If i need to plug in a wifi dongle then it ruins the small form factor and takes up the usb port. In fact I don't even want the graphics driver. I would just like a small, all-in-one device that runs linux and I can connect into over wifi. Oh and if it runs on 240v (inbuilt transformer) even better. That way I can start peppering the house with all sorts of clever tricks and the only thing I need is a power line
In fact why don't they make something like that? Am I the only person who thinks a low cost device which can be powered straight off 240v - that maybe includes a couple of relays on the GPIO pins that will carry 5A, runs linux and connects via wifi.
I really, really, really wish they'd make a Pi with a miniPCI or miniPCIe socket. So it wouldn't have too much impact on the price *and* you could stick whatever you liked in it... a nice little MIMO WiFi card for example to make something that'd piss all over *crap* like this... *and* for a tiny fraction of the price.
"Am I the only person who thinks a low cost device which can be powered straight off 240v - that maybe includes a couple of relays on the GPIO pins that will carry 5A, runs linux and connects via wifi."
Lots of lads and lasses on here are coming over all unnecessary.
Give it a few days and we'll be back to normal. The PiZero will be in the drawer under the telly and we'll hope our spouse doesn't ask about it again.
Can someone who already has one confirm is one of the micro-USB ports dedicated to power only, or are they interchangeable?
I know the "larger" Pi's (seems funny to write that, given the size of a 2B) can be powered via the GPIO pins with a bit of care and adaption, so I'm just wondering if something similar could be done here to double the available USB ports for peripherals (with the addition of a couple of adaptor cables if needed to bring them up to full size).
I know you can just add a hub, but just wondering about possibilities...
I don't know, but the nice big picture (link below) shows the PCB marked 'PWR IN' next to one microUSB port, and 'USB' next to the other. My guess is that PWR IN is only for power, but I'm not certain.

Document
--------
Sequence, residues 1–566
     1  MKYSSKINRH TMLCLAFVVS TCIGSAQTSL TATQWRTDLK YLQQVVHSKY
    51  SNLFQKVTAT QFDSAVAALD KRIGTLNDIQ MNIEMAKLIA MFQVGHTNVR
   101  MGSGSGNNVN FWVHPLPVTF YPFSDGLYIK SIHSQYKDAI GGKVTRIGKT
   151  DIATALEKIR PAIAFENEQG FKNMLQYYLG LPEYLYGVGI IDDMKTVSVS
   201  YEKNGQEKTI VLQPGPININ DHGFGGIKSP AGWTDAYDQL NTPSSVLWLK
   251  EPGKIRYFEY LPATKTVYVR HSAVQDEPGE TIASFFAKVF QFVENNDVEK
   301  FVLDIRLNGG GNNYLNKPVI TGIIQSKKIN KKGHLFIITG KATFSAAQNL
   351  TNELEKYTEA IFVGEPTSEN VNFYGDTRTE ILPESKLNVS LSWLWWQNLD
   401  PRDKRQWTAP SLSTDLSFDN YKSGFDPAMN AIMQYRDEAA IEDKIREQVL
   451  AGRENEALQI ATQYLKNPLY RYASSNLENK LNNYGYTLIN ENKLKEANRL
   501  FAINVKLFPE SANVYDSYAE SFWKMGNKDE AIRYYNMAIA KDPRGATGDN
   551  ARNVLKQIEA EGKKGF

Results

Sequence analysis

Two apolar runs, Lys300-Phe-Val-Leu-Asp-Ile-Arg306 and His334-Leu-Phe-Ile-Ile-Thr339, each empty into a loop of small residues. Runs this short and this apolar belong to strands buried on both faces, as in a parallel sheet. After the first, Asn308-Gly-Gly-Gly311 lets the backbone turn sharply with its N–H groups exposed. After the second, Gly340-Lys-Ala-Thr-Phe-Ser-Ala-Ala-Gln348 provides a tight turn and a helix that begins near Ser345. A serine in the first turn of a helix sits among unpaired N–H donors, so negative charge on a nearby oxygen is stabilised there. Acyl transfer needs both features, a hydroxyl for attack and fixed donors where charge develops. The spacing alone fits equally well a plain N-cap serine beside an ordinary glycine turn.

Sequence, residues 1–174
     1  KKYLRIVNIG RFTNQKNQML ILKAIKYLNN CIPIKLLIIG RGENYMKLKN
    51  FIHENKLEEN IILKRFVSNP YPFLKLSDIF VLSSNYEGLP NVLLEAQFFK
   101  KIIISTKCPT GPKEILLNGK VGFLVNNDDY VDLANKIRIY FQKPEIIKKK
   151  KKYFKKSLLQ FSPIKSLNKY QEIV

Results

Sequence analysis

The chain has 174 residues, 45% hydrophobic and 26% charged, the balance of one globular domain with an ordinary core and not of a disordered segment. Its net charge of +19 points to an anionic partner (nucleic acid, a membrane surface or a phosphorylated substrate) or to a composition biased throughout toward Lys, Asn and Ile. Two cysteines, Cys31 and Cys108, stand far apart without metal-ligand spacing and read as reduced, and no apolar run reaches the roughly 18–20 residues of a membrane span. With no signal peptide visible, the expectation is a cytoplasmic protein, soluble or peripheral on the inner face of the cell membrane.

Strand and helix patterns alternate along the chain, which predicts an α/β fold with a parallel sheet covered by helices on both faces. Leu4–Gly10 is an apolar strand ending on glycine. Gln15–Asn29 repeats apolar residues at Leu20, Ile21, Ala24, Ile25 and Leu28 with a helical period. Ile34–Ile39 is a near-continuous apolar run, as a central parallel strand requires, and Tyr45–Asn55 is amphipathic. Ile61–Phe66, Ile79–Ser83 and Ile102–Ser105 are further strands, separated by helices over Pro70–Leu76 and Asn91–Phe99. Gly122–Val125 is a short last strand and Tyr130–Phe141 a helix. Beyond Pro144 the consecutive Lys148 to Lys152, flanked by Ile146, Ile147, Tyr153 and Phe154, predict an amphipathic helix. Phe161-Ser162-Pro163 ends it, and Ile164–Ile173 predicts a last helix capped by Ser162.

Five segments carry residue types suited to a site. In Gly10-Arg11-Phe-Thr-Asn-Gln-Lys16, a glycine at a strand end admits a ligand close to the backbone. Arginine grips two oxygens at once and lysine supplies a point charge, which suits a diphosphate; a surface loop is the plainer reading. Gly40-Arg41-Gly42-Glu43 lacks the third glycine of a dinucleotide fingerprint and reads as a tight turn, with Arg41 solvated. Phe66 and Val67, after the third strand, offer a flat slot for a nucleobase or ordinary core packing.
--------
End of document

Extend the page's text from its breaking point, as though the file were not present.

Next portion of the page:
I just got a reply from a guy a RPi Foundation. Only one of the two has data lines, the other doesn't and is dedicated power only (but of course the former one can have a normal hub plugged into it via a USB OTG cable).
And the HDMI is actually a mini-HDMI, so again adaptor or suitable cable required. But there's an adaptor kit available from the PiStore which covers both, and is £4 and equally as out of stock as the Pi Zero itself.
All you right pondians mentioning my favourite Christmas shopping store. Sadly over this side the book industrie put on hipster pants about 25 years ago and so bookstores are now 'boutique' shopping experiences. No more WHS.
There are one or two independents left in my neck of the woods, sadly they've been forced into the 'recycled' book business to survive. I doubt I'll find a MagPi in Chaaaaaahptahs.
<typo is intentional, hipster hype caaahfeeey sluts>
"You can buy The MagPi in all good newsagents, as well as these high street stores:
My town doesn't have good newsagents, spent lunchtime searching everywhere including those stores. It appears most people care more about what celeb has got fat or pregnant or what new app you can add to your phone than learning about computing.
WHSmith said they don't stock it :( But weirdly they did have a big thick Amiga collectors magazine...
"Informal Reg pole: How many of you here have these doodads already kicking around, taking up space in desk drawers and shoeboxes"?
Sorry couldn't let this one pass - it's POLL damit.
An unfortunate man-servant living in a desk drawer - similar to a truckle-bed perhaps?
A short May Pole for country dancing sessions by stressed El Reg' staffers?
A pole produced on Friday afternoons when tired & emotional Reg' hacks don their fish-nets and high heels and practice (note spelling :) their duck-face?
The twittersphere seems to think that there will be a reprint of MagPi issue 40 complete with PiZero on the front. And/or that a three month subscription (£13) gets you issue 40 with PiZero **and cable kit**.
If you're in the USA, your consignment of MagPi 40 with PiZero is on the way by sea, so will be with you in a week or two. Form an orderly queue (er, line).
The MagPi subscription website has some more info.
If James or colleagues are still reading: might be nice to explain (on the website) why the 3month subscription options on the web page (for UK and Europe) are currently grayed out. The alternative 01202 number might be a bit busy on Monday.
Biting the hand that feeds IT © 1998–2020